“Some of the things that we accomplished in the building of the bermed areas, we were required to get coastal permits, which take time to get,” Wilson told The Lens, referring to Coastal Use Permits required by the state’s Department of Natural Resources for any such projects impacting waters in the state’s coastal zone. “We also had to go out on bid for the piping for the treated effluent to be discharged to the wetland. That contractor went into default. And so that delayed the process of the construction more than a year — I want to say it was more of two years.”

In 2011, S&WB projected the total cost of the project at $65 million, though that included St. Bernard Parish’s part of the project. Funding including $10.4 million in grants from the state and the Delta Regional Authority. Between 2007 and 2017, the agency spent $8.9 million on the project, financial records show.

Everything needed to begin assimilation discharge is place now, Wilson said, apart from the LDEQ permit for the expansion site. The permit for the demonstration cells expired about five years ago but has been “administratively continued” by LDEQ, allowing discharges there to go forward pending agency action to renew the permit. LDEQ told The Lens in March that permit renewal was in process.

And even now, S&WB is in no rush to begin discharging.

“Our goal is not just to discharge wastewater just to say we did it but to do it because there is an environmentally sound reason why we need to,” Wilson said. “If the trees and vegetation are thriving just by the development of a bermed area, which has then lessened the saltwater intrusion of the waters in Bayou Bienvenue — and just naturally occurring rainwater flushing the salt from the soil and providing water for the trees and native grasses — then there’s really not a need to say, ‘Let’s open a valve and discharge treated wastewater to the demonstration cells.’ “

Another delaying factor has been St. Bernard Parish’s withdrawal from the joint project, Wilson said.

“Not only at one time were we talking about the demonstration and the expansion project, but there was also a project known as A2,” Wilson said, “which was to build a pipeline to St. Bernard Parish and to discharge into that area where St. Bernard Parish already has an existing wetland. And that project did not move forward. We did receive a coastal permit for that project, but we did not get the needed right-of-ways for that pipeline to be built.”

St. Bernard Parish has been permitted to discharge treated wastewater into the Poydras-Verret Wetland since 2003. Parish officials did not respond to repeated requests for comment.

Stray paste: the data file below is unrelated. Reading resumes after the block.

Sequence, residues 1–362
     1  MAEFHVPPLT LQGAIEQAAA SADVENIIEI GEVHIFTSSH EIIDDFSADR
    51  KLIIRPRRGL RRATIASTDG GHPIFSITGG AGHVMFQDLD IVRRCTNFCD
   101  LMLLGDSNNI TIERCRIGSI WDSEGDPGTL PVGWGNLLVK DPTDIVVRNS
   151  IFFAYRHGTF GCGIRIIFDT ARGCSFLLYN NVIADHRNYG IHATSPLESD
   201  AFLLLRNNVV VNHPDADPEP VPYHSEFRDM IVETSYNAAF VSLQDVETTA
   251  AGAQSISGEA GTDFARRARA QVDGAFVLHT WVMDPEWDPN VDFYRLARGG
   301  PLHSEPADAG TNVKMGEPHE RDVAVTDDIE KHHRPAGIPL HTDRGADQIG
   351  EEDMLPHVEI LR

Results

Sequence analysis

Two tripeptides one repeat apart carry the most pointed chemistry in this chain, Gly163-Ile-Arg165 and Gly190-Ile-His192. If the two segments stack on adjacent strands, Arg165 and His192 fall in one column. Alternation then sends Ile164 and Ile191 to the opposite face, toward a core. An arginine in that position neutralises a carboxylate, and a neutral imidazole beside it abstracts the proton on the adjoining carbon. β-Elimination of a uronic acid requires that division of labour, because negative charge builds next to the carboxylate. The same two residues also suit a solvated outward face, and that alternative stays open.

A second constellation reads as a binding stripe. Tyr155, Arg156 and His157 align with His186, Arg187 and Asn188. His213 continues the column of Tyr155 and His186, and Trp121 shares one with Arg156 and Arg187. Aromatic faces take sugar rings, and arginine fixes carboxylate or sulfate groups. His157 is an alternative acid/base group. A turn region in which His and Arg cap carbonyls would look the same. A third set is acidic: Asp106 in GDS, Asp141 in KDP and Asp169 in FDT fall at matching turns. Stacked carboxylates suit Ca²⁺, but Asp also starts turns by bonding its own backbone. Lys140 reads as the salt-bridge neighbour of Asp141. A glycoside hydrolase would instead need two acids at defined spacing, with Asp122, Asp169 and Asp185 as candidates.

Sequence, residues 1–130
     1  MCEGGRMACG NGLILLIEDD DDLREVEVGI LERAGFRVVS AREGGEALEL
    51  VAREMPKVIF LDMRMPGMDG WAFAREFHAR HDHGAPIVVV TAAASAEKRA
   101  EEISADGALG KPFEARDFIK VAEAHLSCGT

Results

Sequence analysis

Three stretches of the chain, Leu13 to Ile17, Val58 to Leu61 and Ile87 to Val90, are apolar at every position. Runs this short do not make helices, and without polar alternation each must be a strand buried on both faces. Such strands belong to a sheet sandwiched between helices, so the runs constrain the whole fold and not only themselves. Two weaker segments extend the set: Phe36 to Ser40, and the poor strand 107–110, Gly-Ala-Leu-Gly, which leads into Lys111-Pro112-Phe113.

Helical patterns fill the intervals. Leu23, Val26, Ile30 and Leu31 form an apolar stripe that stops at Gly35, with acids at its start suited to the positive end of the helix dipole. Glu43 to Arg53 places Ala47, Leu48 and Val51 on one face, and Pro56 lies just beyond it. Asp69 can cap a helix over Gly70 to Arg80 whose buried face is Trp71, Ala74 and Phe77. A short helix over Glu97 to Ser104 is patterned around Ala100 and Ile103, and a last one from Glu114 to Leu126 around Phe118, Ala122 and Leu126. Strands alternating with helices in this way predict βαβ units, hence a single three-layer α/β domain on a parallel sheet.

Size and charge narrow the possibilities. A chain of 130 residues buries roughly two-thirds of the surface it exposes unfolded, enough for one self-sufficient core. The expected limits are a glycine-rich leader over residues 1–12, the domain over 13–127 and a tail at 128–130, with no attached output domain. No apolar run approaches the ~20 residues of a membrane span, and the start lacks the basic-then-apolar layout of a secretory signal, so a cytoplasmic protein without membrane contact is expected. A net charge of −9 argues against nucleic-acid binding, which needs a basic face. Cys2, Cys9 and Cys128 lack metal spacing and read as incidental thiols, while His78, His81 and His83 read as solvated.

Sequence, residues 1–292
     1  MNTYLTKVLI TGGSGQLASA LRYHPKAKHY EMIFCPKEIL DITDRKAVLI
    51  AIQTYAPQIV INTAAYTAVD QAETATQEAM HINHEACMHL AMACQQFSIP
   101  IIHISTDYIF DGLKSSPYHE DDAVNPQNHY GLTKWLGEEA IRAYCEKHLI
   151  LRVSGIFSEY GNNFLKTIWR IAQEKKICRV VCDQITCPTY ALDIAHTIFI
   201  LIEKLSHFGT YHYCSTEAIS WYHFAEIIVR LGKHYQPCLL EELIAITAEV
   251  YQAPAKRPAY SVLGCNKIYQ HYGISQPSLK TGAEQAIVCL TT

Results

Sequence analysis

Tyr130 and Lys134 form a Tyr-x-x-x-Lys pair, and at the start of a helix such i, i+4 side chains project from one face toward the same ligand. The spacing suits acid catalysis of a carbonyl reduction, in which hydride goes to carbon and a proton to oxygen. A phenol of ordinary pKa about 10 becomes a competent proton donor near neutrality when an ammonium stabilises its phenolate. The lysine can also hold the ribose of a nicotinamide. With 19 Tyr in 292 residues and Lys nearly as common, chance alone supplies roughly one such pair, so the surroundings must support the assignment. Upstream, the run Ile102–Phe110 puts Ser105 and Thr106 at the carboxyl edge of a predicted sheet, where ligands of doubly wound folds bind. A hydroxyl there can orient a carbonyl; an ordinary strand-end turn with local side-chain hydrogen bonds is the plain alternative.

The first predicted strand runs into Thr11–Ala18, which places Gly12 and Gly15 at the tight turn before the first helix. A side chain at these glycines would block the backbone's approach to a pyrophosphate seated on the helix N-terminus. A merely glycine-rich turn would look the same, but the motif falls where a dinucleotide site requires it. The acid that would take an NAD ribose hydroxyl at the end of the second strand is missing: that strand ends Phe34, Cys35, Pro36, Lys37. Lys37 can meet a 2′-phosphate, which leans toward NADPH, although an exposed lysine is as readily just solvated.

Technique under state review

Wastewater assimilation is under fire from some residents and conservation groups, who say it has further damaged wetland sites and lessens the ability of those wetlands to offer storm surge protections.

The La. Department of Environmental Quality, one of the agencies that regulate these assimilation systems, has said it is reviewing all of the projects across the state. A particular study has been commissioned to focus on the City of Hammond’s assimilation system, which discharges south of Ponchatoula at the edge of the Joyce Wildlife Management Area.

Tom Wright/The Lens

After years of saltwater intrusion, open water covers much of the once-wetland area of Bayou Bienvenue.

The S&WB’s environmental chief insists that, whatever the means for it, wetland restoration around Bayou Bienvenue remains a worthwhile goal. In addition to storm surge protections, Wilson cited the potential for new recreational opportunities in the area as well as new wildlife habitats.

“It is unfortunate that saltwater intrusion with MRGO over the years has caused the disappearance of the cypress swamp, and this is one step to see can it be restored with these types of projects,” Wilson said. “When you look at the area outside the treatment plant and in Bayou Bienvenue, it’s just open water. So no real, true trees and marsh grasses are going to grow until we diminish the salinity and build up the land.”

 

Lens editor Charles Maldonado contributed to this report.